There’s an established amount of research on relationships between education levels and environmental sustainability that show many perspectives. Research collected from The Economic and Social Research Council of the Science Daily showed that amongst 22,000 individuals, that it is 25% more common for people who obtained degrees to adopt “pro-environmentally friendly behaviors”, compared to those with no degree (ESRC, 2011). These findings also showed that 59% of their willingness to act upon these pro-environment measures was only evident when the changes they made actually fit into their lifestyles (ESRC, 2011). This shows how people who have had the opportunity at higher education could be more open-minded to actions that benefit the environment such as recycling or limited use of plastic products. However, they are more reluctant to approach smaller actions that are disadvantageous to their personal lives, like switching off lights not being in use.

Furthermore, education is a double-edged sword, not only can it prompt environmentally conscious behaviors, but it can also elicit economic growth. As suggested by UNESCO, any progress towards sustainable development requires sufficient educational planning. It is even to be shown that “an increase in the average educational attainment of a country’s population by one year increases annual per capita GDP growth from 2 to 2.5 percent” (UNESCO 2014).  They further established and hypothesized that “the higher the level of education, the more likely it is that people express concern for the environment” (UNESCO 2014). Not only that, but the United Nations’ secretary-general also places a strong emphasis on how education is a fundamental human right and a ground stone for process in any country (UNESCO 2014). If countries make an attentive effort to improve their educational strategy and to be inclusive to more, they can create an overall more knowledgeable community that can look at the broader image, rather than focusing on the purely immediate effects.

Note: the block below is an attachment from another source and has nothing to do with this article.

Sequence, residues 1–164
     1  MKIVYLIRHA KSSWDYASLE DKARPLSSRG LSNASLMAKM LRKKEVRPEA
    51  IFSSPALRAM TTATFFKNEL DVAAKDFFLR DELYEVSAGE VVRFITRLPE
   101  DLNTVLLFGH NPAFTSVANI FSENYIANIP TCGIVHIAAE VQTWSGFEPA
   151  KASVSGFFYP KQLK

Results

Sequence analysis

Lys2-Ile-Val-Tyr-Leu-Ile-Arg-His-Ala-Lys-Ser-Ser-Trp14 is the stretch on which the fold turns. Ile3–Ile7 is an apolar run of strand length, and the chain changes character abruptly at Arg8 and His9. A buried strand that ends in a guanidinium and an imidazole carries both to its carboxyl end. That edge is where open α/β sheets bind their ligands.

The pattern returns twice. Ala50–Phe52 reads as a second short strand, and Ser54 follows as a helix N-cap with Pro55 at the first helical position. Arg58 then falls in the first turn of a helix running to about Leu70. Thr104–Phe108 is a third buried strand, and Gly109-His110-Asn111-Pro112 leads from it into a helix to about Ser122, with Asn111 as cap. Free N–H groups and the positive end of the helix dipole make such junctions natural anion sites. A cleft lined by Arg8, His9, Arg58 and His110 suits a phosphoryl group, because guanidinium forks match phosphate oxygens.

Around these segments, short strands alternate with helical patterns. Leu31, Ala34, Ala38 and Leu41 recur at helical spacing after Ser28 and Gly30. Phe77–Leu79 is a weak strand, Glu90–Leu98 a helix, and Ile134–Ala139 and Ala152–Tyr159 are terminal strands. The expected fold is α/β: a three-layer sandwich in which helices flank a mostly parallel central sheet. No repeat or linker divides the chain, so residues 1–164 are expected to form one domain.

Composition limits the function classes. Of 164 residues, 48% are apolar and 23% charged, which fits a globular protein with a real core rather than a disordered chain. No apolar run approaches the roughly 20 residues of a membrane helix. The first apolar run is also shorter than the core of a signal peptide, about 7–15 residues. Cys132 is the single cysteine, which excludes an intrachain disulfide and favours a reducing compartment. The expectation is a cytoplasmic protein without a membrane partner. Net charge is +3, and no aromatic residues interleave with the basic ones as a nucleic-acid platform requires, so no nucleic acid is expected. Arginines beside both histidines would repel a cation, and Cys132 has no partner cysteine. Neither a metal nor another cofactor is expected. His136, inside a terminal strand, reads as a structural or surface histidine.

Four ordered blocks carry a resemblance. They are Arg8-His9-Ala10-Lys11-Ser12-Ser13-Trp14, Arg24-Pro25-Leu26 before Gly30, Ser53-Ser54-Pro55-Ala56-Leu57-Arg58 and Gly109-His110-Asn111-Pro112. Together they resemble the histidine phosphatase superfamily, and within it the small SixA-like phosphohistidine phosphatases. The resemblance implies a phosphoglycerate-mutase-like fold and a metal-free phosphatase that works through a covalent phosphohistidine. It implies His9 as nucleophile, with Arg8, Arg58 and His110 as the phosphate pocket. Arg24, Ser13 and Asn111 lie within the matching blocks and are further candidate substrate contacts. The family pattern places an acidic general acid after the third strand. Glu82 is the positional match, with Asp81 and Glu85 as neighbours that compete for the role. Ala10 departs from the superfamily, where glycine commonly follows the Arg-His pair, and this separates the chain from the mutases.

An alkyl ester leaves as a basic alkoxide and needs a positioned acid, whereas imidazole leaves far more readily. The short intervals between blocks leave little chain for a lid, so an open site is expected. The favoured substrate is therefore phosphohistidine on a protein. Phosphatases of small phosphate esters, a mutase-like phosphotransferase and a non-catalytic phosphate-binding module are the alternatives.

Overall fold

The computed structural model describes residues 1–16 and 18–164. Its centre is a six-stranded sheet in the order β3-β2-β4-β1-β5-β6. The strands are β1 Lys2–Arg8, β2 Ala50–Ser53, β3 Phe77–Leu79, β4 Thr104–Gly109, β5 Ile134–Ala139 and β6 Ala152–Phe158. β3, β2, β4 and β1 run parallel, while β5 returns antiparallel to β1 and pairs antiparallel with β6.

(Figure 6: Infographic with data collected from the National Centre for Social Research (2013) and the International Social Survey Programme data (2010) and provided by GEM, 2015.)

According to GEM (Global Education Monitoring Report), “People with more education tend not only to be more concerned about the environment but also to engage in actions that promote and support political decisions that protect the environment (GEM, 2015).” Additionally, as displayed in the Global Education Citizen Survey in the United States, a higher educational level contributes to higher activism in terms of policy support, environmental political participation and environment-friendly behavior (GEM, 2015).  The info data below shows the concern about the environment in the United States is divided into people with primary education (20%), secondary education (40%), tertiary education (50%).

It has been proven that an increase in public awareness of the environment has demonstrated positive effects. For example, the Global Cities Research Institute in Melbourne Australia conducted research about Paradoxes of increased individuation and public awareness of environmental issues. According to this study, “increased public environmental awareness brings with it a requirement for efforts to clarify if such awareness is affecting sustainable practices and how” (Scerri 2009). This brings us to considering environmental management in order to determine the development needs and reflect on them, this extensively relates to involving people who are to a certain extent educated about this to develop environment-based education and critical thinking.

For our interview, we interviewed Alexis Marrito, from FAO (Food and Agriculture) in the United Nations. They work towards providing international public health and guiding collaborators in global health responses. We were able to gain some insight into the correlation between one’s educational level and their choice between environmental protection and economic growth. We were also able to hear his interpretation of whether or not one is more important than the other.

We asked Marrito three main questions to decipher our research, the first being how he would interpret the correlation that higher educated people are more likely to prioritize environmental protection over economic growth.